As an official Mentor for the National Bowhunter Education Foundation, I support the NBEF's recommendation that you should take only broadside or quartering-away shots at animals. These are high-percentage angles that allow the best soft-tissue arrow access to the vital heart/lung zone.
However, I am amazed at how lethal sharp broadheads can be with less-than-perfect hits. If your target jumps the bowstring, or if you make a poor shot because you are tired, cold, or excited, do not assume the animal will get away. If your broadhead has solidly hit the rump, paunch, or liver, you still have a chance for success.
Years ago the late, great Fred Bear told me he had great confidence in a rump shot. Like Fred, I have never lost an animal hit solidly in the ham. Similarly, a gut-shot or liver-hit deer should be yours if you follow up correctly. You should never shoot for such marginal parts of an animal on purpose, but if your shot goes astray, do not despair.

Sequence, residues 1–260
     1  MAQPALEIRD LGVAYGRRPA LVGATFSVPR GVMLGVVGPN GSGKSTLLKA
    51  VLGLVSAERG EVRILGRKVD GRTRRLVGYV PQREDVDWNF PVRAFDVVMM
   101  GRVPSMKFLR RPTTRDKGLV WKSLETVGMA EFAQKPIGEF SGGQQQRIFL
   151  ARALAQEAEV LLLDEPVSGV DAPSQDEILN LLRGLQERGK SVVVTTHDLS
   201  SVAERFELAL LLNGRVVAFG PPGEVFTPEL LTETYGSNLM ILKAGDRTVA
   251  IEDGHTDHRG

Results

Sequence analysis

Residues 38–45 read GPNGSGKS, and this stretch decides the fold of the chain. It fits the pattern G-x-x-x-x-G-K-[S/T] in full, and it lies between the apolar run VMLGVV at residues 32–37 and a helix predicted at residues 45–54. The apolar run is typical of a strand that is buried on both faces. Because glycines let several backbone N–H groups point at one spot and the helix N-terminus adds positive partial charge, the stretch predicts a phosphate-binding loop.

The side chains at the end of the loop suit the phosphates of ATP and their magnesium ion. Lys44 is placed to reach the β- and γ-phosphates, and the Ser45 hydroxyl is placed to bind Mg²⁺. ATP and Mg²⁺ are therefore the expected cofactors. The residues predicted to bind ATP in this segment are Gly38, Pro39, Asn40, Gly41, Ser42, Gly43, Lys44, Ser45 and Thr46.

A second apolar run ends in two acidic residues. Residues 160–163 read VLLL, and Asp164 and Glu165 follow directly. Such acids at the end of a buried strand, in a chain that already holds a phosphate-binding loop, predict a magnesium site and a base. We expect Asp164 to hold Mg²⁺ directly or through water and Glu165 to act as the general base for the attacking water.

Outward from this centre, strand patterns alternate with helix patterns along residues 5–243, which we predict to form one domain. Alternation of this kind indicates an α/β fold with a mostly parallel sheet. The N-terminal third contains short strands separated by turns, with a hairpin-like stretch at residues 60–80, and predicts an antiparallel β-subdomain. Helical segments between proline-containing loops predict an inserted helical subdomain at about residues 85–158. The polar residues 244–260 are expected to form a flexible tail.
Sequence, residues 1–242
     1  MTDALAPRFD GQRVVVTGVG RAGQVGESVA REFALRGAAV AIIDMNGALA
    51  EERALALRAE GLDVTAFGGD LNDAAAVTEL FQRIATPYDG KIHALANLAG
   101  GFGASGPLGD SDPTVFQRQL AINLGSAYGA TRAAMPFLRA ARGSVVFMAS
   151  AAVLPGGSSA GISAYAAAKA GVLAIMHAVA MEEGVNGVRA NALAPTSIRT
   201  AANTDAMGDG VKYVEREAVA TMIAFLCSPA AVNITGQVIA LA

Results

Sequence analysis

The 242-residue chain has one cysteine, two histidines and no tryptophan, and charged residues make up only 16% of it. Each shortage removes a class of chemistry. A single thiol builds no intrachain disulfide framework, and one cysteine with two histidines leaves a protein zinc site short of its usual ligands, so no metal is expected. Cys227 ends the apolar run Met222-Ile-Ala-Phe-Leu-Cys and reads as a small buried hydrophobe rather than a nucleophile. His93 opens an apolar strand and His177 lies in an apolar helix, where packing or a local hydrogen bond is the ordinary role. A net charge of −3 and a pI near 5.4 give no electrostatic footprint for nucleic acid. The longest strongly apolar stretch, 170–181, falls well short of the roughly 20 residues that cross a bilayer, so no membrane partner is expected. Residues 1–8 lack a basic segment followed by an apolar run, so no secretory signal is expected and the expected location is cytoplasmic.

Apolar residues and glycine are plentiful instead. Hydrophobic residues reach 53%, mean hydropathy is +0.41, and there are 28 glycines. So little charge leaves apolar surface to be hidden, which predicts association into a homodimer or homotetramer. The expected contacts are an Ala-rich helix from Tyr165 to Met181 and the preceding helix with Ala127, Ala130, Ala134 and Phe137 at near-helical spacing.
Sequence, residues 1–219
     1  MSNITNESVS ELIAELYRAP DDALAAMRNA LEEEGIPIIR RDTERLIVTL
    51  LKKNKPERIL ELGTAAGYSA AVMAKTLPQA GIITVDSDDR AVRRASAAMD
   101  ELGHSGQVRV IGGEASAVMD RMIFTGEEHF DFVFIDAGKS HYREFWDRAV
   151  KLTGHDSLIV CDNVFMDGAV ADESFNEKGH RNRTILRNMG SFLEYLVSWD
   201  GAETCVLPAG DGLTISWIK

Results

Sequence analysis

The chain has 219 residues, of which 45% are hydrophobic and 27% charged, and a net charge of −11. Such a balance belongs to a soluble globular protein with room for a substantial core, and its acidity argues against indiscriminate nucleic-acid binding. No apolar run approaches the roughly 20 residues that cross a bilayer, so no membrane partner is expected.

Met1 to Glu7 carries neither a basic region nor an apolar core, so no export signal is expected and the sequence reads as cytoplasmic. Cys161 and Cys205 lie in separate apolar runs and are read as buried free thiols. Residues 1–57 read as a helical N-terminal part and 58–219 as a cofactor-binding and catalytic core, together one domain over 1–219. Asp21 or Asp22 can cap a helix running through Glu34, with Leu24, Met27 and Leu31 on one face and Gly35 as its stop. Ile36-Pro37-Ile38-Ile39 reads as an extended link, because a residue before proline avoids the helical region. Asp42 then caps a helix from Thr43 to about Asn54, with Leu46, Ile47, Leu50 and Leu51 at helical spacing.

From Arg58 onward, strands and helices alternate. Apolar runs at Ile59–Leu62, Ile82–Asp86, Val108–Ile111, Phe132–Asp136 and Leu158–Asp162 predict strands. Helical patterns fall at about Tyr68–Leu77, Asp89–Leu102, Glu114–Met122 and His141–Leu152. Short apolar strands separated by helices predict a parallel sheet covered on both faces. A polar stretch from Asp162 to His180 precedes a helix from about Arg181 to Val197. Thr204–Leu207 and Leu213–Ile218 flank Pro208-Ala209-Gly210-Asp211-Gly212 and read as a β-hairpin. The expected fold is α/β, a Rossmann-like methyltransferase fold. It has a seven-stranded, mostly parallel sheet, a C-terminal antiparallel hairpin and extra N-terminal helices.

In my experience, game seldom travels more than a half-mile with solid hits to the rump, paunch, or liver. Wait several hours after such hits, and then start searching cautiously. If you cannot find blood or tracks, you should grid-search the entire area. With enough persistence, you will probably find your animal. Sharp broadheads are deadlier than you might think!